Econometric modelling of multiple self-reports of health states: the switch from EQ-5D-3L to EQ-5D-5L in evaluating drug therapies for rheumatoid arthritis. Journal of Health Economics Published 4th July 2017

The EQ-5D is the most frequently used health state descriptive system for the generation of utility values for quality-adjusted life years (QALYs) in economic evaluation. To improve sensitivity and reduce floor and ceiling effects, the EuroQol team developed a five level version (5L) compared to the previous three level (3L) version. This study adds to recent evidence in this area of the unforeseen consequences of making this change to the descriptive system and also the valuation system used for the 5L. Using data from the National Data Bank for Rheumatic Diseases, where both 3L and 5L versions were completed simultaneously alongside other clinical measures, the authors construct a mapping between both versions of EQ-5D, informed by the response levels and the valuation systems that have been developed in the UK for the measures. They also test their mapping estimates on a previous economic evaluation for rheumatoid arthritis treatments. The descriptive results show that although there is a high correlation between both versions, and the 5L version achieves its aim of greater sensitivity, there is a systematic difference in utility scores generated using both versions, with an average 87% of the score of the 3L recorded compared to the 5L. Not only are there differences highlighted between value sets for the 3L and 5L but also the responses to dimensions across measures, where the mobility and pain dimensions do not align as one would expect. The new mapping developed in this paper highlights some of the issues with previous mapping methods used in practice, including the assumption of independence of dimension levels from one another that was used while the new valuation for the 5L was being developed. Although the case study they use to demonstrate the effect of using the different approaches in practice did not result in a different cost-effectiveness result, the study does manage to highlight that the assumption of 3L and 5L versions being substitutes for one another, both in terms of descriptive systems and value sets, does not hold. Although the authors are keen to highlight the benefits of their new mapping that produces a smooth distribution from actual to predicted 5L, decision makers will need to be clear about what descriptive system they now want for the generation of QALYs, given the discrepancies between 3L and 5L versions of EQ-5D, so that consistent results are obtained from economic evaluations.

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Chris Sampson’s journal round-up for 29th May 2017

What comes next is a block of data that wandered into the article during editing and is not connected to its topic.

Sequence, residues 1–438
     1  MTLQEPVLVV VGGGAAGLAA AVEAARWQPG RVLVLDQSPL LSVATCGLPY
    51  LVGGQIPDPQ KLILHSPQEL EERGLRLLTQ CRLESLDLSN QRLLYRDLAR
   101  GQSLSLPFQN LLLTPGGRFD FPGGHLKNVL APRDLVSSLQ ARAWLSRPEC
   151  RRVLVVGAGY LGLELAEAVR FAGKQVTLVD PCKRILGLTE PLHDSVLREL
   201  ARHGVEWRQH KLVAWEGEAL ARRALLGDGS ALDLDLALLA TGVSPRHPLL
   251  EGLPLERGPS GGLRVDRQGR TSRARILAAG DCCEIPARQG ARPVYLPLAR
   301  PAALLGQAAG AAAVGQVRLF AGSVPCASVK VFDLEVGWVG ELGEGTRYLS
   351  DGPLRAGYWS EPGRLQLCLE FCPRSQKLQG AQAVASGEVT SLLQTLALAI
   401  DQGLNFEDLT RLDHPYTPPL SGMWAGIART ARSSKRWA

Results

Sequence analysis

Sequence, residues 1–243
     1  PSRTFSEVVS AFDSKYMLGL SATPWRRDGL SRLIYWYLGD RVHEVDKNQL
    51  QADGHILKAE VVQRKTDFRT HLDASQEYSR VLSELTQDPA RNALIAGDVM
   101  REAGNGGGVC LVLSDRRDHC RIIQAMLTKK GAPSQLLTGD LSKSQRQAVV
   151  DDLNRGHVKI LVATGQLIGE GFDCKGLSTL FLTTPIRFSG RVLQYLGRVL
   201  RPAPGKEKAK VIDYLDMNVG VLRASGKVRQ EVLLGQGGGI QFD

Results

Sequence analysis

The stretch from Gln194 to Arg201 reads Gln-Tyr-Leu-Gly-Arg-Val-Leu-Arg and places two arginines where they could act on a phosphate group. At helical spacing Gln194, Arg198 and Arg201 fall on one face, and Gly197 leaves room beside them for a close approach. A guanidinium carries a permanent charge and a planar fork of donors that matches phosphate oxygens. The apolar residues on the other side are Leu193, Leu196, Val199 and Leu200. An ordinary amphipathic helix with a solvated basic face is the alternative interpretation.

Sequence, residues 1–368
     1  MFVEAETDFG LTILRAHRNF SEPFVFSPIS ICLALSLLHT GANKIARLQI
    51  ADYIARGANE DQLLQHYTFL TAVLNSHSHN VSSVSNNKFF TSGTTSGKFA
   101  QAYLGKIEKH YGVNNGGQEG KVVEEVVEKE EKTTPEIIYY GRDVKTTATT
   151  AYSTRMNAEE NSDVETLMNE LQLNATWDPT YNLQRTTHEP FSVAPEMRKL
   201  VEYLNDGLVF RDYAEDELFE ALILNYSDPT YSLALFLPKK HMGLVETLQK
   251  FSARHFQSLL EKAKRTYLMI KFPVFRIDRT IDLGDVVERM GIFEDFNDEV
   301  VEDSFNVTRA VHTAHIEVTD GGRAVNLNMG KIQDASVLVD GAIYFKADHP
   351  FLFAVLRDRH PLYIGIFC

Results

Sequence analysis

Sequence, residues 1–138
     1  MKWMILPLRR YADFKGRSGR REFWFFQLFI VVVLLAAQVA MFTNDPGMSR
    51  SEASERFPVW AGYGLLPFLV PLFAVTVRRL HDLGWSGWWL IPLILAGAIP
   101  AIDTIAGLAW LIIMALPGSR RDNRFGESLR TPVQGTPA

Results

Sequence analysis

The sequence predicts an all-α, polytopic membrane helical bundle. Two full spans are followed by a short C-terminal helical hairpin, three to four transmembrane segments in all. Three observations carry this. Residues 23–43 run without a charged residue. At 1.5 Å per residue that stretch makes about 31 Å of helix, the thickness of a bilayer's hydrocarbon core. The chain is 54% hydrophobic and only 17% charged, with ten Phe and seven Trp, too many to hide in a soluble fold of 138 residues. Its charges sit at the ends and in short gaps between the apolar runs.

Every Monday our authors provide a round-up of some of the most recently published peer reviewed articles from the field. We don’t cover everything, or even what’s most important – just a few papers that have interested the author. Visit our Resources page for links to more journals or follow the HealthEconBot. If you’d like to write one of our weekly journal round-ups, get in touch.

“Naming and framing”: The impact of labeling on health state values for multiple sclerosis. Medical Decision Making [PubMedPublished 21st May 2017

Tell someone that the health state that they’re valuing is actually related to cancer, and they’ll give you a different value than if you hadn’t mentioned cancer. A lower value, probably. There’s a growing amount of evidence that ‘labelling’ health state descriptions with the name of a particular disease can influence the resulting values. Generally, the evidence is that mentioning the disease will lower values, though that’s probably because researchers have been selecting diseases that they think will show this. (Has anyone tried it for hayfever?) The jury is out on whether labelling is a good thing or a bad thing, so in the meantime, we need evidence for particular diseases to help us understand what’s going on. This study looks at MS. Two UK-representative samples (n = 1576; n = 1641) completed an online TTO valuation task for states defined using the condition-specific preference-based MSIS-8D. Participants were first asked to complete the MSIS-8D to provide their own health state, and then to rank three MSIS-8D states and also complete a practice TTO task. For the preference elicitation proper, individuals were presented with a set of 5 MSIS-8D health states. One group were asked to imagine that they had MS and were provided with some information and a link to the NHS Choices website. The authors’ first analysis tests for a difference due to labelling. Their second analysis creates two alternative tariffs for the MSIS-8D based on the two surveys. People in the label group reported lower health state values on average. The size of this labelling-related decrement was greater for less severe health states. The creation of the tariffs seemed to show that labelling does not have a consistent impact across dimensions. This means that, in practice, the two tariffs could favour different types of interventions, depending on for which dimensions benefits might be observed. The tariff derived from the label group demonstrated slightly poorer predictive performance. This study tells us that label-or-not is a decision that will influence the relative cost-effectiveness of interventions for MS. But we still need a sound basis for making that choice.